“OK, Dad, I’m off now.”
He gets up from his chair and comes to me at the front door. He extends his hand for me to shake.
“OK, son. Well, the best of luck. Make sure you write.” He lets go of my hand and I open the door.
I assure him that I will, then I’m out of the door and walkingalong the landing to the stairs that take me to street level. It’s a fifteen minute walk through the streets of South London to the local railway station where I catch the train into central London. I’m no stranger to travelling alone through the big city. Peckham Rye to Victoria, then on to Paddington and the unknown. The rush hour's over so the ttrain's quiet. I have the carriage to myself for most of the journey.
Less than 2 hours later and I’m sat on the train that will take me the west of England.
It’s a two hour journey, boringly uneventful, but I haven’t travelled on this route before so I look out for the stations, wondering what places like Reading, Swindon Bath and Bristol are like. My curiosity was satisfied over the years as I visited these towns on business or pleasure.
There are other young men like me on board. I wonder if they’re going to the same place as I am, but I’m too shy to ask.
At Weston-Super-Mare I walk through the quiet station, recognising some of the youths who travelled with me, but there are others who were in different carriages. Some joined the train at Bristol, having travelled across the country by other routes. There are about thirty of us queuing to get on the bluish grey coloured bus. A thick-set, uniformed man,
three stripes on his arm, asks us for our names and ticks us off a list.
We have to wait. There are more young men expected on the next train. The Sergeant says we can smoke if we stand next to the bus, so cigarettes are offered and accepted as we stand on the chilly station forecourt chatting excitedly in a multitude of regional accents. Sea birds call and we wonder what the town is like. Will we be allowed out that night to find
out? Will there be lots of girls to meet? Hardly. Its Autumn and the holiday season is long gone. Lifelong friendships are formed in those minutes of chatting and waiting.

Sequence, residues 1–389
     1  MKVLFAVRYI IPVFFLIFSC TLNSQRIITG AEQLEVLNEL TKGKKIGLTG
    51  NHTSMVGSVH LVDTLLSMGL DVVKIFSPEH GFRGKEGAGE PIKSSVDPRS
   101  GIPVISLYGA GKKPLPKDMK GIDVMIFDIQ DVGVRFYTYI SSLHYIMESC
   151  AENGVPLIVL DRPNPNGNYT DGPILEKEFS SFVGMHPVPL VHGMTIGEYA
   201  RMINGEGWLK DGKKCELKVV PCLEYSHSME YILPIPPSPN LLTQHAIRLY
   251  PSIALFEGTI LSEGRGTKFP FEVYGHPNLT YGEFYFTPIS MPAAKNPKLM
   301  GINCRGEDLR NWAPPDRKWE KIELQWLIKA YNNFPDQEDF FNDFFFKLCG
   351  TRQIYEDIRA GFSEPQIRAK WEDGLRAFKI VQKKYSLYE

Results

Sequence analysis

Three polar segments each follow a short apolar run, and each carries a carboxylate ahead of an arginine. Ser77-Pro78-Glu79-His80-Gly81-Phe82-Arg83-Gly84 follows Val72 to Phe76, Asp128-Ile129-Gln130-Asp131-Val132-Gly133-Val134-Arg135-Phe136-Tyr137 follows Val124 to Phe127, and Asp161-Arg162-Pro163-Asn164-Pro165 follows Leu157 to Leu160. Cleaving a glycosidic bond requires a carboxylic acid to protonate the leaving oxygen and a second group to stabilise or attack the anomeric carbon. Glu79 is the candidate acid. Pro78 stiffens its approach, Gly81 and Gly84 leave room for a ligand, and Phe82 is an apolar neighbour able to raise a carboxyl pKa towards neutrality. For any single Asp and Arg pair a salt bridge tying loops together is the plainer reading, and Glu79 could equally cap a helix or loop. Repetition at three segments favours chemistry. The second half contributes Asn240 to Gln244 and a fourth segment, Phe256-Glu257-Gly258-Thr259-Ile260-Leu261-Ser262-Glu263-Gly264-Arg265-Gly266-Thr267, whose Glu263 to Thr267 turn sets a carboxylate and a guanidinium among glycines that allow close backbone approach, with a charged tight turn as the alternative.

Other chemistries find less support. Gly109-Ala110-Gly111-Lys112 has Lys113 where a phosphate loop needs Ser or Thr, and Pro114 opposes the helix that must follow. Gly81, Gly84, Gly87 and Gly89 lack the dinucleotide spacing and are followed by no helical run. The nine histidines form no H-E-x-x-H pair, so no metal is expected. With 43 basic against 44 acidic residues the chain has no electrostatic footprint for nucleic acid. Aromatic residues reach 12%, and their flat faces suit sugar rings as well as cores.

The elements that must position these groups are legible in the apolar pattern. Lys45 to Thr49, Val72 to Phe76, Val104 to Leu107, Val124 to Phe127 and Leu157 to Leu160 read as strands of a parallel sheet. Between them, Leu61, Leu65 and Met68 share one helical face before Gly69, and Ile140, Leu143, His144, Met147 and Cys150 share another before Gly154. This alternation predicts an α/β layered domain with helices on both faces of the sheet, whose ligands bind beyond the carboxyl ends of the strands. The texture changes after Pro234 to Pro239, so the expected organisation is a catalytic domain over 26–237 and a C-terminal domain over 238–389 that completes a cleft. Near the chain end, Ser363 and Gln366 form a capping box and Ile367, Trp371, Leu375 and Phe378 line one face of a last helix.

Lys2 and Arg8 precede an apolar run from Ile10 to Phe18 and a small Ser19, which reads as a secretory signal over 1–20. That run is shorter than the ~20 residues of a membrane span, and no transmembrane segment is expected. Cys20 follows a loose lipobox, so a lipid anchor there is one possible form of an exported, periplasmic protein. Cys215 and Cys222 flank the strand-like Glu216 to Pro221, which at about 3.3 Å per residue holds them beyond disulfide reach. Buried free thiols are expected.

The later train arrives and three more young men join us. The Sergeant hurries the smokers back onto the bus and it lurches away towards our new home with a clash of gears.
I stare out of the window taking in the bungalows and houses. They all seem to be advertsing bed and breakfast accommodation. Hot and cold running water in all rooms seems to be a big selling poin, as is the use of a TV lounge. Turn right at a pub, The Heron, then lurching over to narrow railway bridges. This route will become so familiar to me over the years. Past the airfield, nothing to do with the RAF, as I will find out, and then up a long hill. Turn left at the top and in past the Guardroom. Ahead stands a plinth om which there should be an old spitfire, but its on loan to a film company. Round the one way system and behind the sports fields. The bus grinds to a halt beside a red brick bilding.
The Sergeant stands up and starts to call our names and directs us to our accommodation.
“Armstrong: Bishop Block downstairs room on the right. Find yourself an empty bed. Back outside in five minutes to go and collect your bedding. Baker: Jackson Block upstairs room on the right. Find yourself an empty bed…..”. My initial is C so I’m near the top of the list. Bad luck Underdown.
I find myself in a long room with 18 beds in it. Half are made up, the carefully folded sheets and blankets of the hated “bed packs” suggest that great care has gone into their appearance. I find one with a bare mattress on it and place my small case on top, claiming ownership. On one side stands a tall wardrobe, the door slightly ajar to show its empty. On the other side of the bed is a smaller locker, also open which doubles up as a bedside table. Along the room stand other identical trios of furniture. Those beside the made up beds have padlocks and carry name labels to show who is using them. Beside each bed lies a small rectangle of carpet. Three feet by two.Otherwise the floor is bare, glemaing with polish. The air is thick with its cloying smell? Who worked so hard to get that shine. My question will soon be answered.
When I return outside the last of the party are still coming into the barrack block. More waiting.
It’s a long walk to the bedding store. The Corporal now in attendance doesn’t try to make us march, that will start the
next day, though he does form us into a column in the hope that we might look a bit more military and less like civilians. Burdened down with blankets, sheets and pillows we sign on the dotted line and return to the barrack block, or billet as we will learn to call it.
The existing occupants of the rooms have returned from work, resplendent in their blue/grey uniforms and polished boots, hair cut so short the white skin of their scalps is visible. We’re greeted with cat calls and jeers, but they’re well meant. Just a bit of banter for the new boys. More friendships ready for the making. We start asking questions of the 'old hands'. What tinme is tea? being the most import
Seven hours before I had left home a mere child. Now not only was I starting a career, but also a new life.